Lynne Olson has produced some of the best books about the war in Europe. You see reviews of others below, and more will be coming. This one focuses on the Americans who were in London during the war, both before and after the US involvement. There are three focal figures: Edward R. Murrow, the broadcaster for CBS radio who revolutionized news broadcasting (see the The Murrow Boys, above), Averell Harriman, who was assigned to England to administer the Roosevelt administration’s key Lend-Lease program (though he did a lot more than that), and John G. Winant, the US ambassador to England who became perhaps the most beloved US person by the British ever to serve in the UK. Many other figures appear in the story as well, but these three keep coming back. Having read The Murrow Boys, and having watched Murrow himself on TV in my youth, I knew a lot about his story. I had also read a biography of Harriman, a complex figure for sure, but he was familiar (although details emerged in Olson’s story that I didn’t know). But the figure who was new for me was Winant. He replaced Joseph Kennedy, the previous ambassador who was a staunch isolationist, and was extreme in his advocacy of keeping the US out of the war. Winant was the opposite. He began his tenure as ambassador in March of 1941, when England was in great peril. The fall of France in 1940, the Battle of Britain that followed, the Blitz, and the threat of invasion had left England on the doorstep of collapse. Yet when Winant arrived, he engaged the British people. During Nazi air attacks he wandered the streets of London, talking to ordinary people, encouraging them. He was remorseless in trying to get Roosevelt to engage, which was unsuccessful until Pearl Harbor. After the US became involved, he worked to smooth relations between the US troops arriving and the British populace. He became a close friend of Churchill, and other key British officials, especially Anthony Eden. He was honored and celebrated by the British, yet few Americans know of him. He committed suicide in 1947, lovesick for Sarah Churchill, with whom he had had a wartime affair, and frustrated at his lack of engagement in the Marshall Plan, the United Nations, and other postwar developments. That part of the story brought tears to my eyes. I’m sure a lot of this is due to Olson’s engaging writing style.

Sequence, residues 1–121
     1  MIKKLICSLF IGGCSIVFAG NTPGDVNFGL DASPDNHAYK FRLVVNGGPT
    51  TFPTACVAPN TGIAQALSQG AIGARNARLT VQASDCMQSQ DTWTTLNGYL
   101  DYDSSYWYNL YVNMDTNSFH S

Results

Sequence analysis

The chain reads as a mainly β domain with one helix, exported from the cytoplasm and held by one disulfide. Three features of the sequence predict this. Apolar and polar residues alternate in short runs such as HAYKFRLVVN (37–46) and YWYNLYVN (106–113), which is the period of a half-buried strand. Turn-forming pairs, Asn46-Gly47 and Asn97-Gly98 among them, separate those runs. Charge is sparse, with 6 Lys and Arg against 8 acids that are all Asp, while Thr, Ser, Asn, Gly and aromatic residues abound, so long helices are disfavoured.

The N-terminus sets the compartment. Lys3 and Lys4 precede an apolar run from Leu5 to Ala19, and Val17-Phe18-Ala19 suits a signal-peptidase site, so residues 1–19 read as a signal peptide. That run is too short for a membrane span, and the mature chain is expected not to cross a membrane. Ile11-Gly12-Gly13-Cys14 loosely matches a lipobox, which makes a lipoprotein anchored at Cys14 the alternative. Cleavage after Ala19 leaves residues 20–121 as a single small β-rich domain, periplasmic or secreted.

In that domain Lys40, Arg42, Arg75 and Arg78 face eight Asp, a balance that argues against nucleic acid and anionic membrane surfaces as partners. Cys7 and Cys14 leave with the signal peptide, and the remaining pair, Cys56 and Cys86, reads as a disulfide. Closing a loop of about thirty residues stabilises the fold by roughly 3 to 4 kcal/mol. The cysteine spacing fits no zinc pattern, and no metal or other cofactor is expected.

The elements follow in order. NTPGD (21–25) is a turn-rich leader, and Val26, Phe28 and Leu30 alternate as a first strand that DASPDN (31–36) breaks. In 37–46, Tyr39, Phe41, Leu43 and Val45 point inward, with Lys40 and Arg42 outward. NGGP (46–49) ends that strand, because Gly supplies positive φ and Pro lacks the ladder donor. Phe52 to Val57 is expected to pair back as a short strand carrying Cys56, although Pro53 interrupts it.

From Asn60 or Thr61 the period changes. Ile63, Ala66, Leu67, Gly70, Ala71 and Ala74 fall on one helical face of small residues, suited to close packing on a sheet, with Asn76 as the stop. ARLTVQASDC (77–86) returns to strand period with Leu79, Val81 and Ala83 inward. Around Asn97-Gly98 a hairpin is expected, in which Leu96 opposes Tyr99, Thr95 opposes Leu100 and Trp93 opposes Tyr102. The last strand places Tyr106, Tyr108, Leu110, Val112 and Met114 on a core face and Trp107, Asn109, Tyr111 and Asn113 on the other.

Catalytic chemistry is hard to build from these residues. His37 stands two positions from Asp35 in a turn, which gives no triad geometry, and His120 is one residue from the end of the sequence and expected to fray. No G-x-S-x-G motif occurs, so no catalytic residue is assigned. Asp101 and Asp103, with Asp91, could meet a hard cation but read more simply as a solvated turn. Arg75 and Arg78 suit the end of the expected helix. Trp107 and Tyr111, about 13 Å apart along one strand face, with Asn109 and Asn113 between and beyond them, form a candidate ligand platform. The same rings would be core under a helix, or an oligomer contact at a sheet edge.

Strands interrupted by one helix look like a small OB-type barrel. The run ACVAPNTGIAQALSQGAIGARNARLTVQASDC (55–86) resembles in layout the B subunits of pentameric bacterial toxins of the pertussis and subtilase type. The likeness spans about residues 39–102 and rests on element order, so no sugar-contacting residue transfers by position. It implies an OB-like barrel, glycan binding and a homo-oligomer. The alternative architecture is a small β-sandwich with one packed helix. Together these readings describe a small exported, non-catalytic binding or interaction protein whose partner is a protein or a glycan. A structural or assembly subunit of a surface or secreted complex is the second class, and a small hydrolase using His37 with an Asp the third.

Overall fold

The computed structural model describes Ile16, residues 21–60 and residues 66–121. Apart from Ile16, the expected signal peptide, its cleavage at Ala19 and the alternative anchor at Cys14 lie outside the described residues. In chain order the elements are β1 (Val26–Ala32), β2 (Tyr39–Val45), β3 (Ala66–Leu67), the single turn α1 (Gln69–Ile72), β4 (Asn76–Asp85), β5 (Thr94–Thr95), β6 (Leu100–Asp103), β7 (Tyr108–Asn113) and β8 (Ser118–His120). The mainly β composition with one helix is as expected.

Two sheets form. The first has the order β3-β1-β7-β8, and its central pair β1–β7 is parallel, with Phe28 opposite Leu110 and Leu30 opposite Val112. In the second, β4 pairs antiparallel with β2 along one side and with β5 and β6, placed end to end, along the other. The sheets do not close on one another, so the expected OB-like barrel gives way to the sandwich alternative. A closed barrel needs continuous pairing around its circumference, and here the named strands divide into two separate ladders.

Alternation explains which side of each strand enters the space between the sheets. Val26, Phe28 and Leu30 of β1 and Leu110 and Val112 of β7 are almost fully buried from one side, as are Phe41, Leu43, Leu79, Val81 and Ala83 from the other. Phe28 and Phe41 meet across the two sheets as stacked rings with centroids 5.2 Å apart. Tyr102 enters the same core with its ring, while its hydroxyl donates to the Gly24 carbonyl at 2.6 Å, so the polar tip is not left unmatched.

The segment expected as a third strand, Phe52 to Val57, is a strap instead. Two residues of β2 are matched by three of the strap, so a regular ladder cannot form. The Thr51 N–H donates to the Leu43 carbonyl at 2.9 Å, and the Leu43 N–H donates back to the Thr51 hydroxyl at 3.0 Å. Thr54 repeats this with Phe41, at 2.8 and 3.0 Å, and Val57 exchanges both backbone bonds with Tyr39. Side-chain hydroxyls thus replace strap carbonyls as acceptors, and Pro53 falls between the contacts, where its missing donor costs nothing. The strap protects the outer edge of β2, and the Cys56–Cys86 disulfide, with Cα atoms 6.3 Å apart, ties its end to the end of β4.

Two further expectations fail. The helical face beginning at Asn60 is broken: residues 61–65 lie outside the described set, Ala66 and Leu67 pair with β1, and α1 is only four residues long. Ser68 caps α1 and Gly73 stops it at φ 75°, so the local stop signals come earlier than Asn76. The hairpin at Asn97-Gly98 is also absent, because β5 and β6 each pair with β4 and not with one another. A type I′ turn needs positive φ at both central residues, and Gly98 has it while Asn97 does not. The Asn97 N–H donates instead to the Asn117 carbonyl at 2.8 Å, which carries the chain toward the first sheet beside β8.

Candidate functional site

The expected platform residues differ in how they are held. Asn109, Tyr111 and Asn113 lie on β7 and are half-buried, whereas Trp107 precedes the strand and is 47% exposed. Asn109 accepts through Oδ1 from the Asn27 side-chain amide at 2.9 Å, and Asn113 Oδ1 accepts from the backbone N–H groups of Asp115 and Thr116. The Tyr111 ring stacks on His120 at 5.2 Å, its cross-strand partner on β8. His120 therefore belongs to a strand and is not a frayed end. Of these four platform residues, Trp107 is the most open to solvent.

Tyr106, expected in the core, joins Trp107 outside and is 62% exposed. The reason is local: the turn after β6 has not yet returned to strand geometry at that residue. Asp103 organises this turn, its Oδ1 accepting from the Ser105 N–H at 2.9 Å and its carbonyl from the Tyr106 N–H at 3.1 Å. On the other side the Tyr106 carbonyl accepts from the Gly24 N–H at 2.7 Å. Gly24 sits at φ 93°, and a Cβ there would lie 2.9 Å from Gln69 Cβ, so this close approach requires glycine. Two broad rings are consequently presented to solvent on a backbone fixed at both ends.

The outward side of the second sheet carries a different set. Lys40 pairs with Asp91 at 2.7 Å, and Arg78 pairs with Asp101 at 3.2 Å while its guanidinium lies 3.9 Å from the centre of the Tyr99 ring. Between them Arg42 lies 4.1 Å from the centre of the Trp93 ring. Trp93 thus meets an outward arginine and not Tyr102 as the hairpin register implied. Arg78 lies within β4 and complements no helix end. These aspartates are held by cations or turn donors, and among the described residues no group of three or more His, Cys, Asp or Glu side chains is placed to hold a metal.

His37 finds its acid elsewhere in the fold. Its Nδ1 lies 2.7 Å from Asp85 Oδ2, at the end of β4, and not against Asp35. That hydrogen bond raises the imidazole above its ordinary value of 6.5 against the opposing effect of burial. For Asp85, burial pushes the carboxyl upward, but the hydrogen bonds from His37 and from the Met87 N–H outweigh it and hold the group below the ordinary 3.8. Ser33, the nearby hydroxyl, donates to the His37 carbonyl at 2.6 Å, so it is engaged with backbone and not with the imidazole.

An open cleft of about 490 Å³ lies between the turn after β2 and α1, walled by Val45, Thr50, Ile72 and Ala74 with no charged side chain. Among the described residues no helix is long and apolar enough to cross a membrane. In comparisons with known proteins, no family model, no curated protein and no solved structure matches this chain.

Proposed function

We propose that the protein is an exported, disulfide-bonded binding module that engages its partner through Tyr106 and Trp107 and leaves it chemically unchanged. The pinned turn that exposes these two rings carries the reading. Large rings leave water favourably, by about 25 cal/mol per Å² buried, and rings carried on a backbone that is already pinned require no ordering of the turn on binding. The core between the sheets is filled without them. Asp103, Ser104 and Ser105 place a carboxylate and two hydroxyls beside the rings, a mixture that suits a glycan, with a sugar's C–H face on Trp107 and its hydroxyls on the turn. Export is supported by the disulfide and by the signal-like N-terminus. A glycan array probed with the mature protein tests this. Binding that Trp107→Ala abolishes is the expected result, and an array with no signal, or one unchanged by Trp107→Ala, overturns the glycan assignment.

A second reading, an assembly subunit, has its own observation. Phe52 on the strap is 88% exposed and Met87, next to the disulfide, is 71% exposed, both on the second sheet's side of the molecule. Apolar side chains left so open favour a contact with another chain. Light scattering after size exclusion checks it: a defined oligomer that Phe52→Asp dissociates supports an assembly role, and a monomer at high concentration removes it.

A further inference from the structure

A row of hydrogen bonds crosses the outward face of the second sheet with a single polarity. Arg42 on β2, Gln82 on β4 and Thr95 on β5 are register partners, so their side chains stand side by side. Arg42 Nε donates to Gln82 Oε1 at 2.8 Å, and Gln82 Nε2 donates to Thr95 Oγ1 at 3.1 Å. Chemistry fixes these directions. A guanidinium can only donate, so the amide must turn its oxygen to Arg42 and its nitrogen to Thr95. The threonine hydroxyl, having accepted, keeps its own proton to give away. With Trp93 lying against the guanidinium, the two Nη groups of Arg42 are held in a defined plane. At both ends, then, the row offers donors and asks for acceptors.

Lynne Olson. Those Angry Days: Roosevelt, Lindbergh, and America’s Fight Over World War II. New York: Random House, 2013.
As the world turned once more to war, there was major debate in the US about whether we should get involved. As European nations fell, and the British were seriously threatened, President Roosevelt tried to convince Americans that it was our moral duty to support the British and perhaps even get formally involved in the conflict. However, there was serious pushback to this idea, triggered in part by widespread frustration that our involvement in World War I had in the long run not solved anything in Europe. The leading spokesperson for staying out of the new war was the aviation hero Charles Lindbergh. The resulting fight was anything but gentlemanly. Both sides used dubious methods to discredit the other. For instance, some in the military worked to undermine Roosevelt’s support of Britain. Roosevelt, in turn, authorized wiretaps of Lindbergh, spied on antiwar groups, tried to besmirch the reputations of antiwar congressman, and mounted serious efforts in the press to win over support for his policies. Lindbergh in turn was portrayed as a Nazi sympathizer. It was an ugly time, ended only when the Japanese attacked Pearl Harbor and the opposition to our involvement in the war dissipated. Lynne Olson portrays the characters and the often ugly actions in riveting detail.